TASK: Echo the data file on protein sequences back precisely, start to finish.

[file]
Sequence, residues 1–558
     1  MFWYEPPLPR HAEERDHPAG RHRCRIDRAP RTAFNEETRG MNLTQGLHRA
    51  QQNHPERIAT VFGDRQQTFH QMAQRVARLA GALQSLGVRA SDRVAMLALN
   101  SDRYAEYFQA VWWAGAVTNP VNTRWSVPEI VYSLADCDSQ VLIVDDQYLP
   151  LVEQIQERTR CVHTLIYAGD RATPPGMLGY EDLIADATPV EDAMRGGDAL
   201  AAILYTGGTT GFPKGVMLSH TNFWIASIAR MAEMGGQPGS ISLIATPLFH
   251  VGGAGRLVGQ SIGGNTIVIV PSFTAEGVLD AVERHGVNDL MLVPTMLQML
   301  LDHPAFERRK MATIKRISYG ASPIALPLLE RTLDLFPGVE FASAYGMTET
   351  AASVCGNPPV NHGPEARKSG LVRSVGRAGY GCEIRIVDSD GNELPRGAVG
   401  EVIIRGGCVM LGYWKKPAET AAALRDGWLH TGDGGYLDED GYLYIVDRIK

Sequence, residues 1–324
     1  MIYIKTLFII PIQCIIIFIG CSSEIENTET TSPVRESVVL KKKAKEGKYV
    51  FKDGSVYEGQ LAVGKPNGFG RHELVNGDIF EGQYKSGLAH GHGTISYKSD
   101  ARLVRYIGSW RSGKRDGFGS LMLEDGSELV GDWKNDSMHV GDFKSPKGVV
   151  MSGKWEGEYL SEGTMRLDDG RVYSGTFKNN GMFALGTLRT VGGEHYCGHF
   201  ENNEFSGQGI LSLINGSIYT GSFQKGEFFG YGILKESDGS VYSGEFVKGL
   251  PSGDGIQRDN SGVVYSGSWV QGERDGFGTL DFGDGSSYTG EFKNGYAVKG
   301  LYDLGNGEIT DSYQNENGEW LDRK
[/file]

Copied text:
Sequence, residues 1–558
     1  MFWYEPPLPR HAEERDHPAG RHRCRIDRAP RTAFNEETRG MNLTQGLHRA
    51  QQNHPERIAT VFGDRQQTFH QMAQRVARLA GALQSLGVRA SDRVAMLALN
   101  SDRYAEYFQA VWWAGAVTNP VNTRWSVPEI VYSLADCDSQ VLIVDDQYLP
   151  LVEQIQERTR CVHTLIYAGD RATPPGMLGY EDLIADATPV EDAMRGGDAL
   201  AAILYTGGTT GFPKGVMLSH TNFWIASIAR MAEMGGQPGS ISLIATPLFH
   251  VGGAGRLVGQ SIGGNTIVIV PSFTAEGVLD AVERHGVNDL MLVPTMLQML
   301  LDHPAFERRK MATIKRISYG ASPIALPLLE RTLDLFPGVE FASAYGMTET
   351  AASVCGNPPV NHGPEARKSG LVRSVGRAGY GCEIRIVDSD GNELPRGAVG
   401  EVIIRGGCVM LGYWKKPAET AAALRDGWLH TGDGGYLDED GYLYIVDRIK

Sequence, residues 1–324
     1  MIYIKTLFII PIQCIIIFIG CSSEIENTET TSPVRESVVL KKKAKEGKYV
    51  FKDGSVYEGQ LAVGKPNGFG RHELVNGDIF EGQYKSGLAH GHGTISYKSD
   101  ARLVRYIGSW RSGKRDGFGS LMLEDGSELV GDWKNDSMHV GDFKSPKGVV
   151  MSGKWEGEYL SEGTMRLDDG RVYSGTFKNN GMFALGTLRT VGGEHYCGHF
   201  ENNEFSGQGI LSLINGSIYT GSFQKGEFFG YGILKESDGS VYSGEFVKGL
   251  PSGDGIQRDN SGVVYSGSWV QGERDGFGTL DFGDGSSYTG EFKNGYAVKG
   301  LYDLGNGEIT DSYQNENGEW LDRK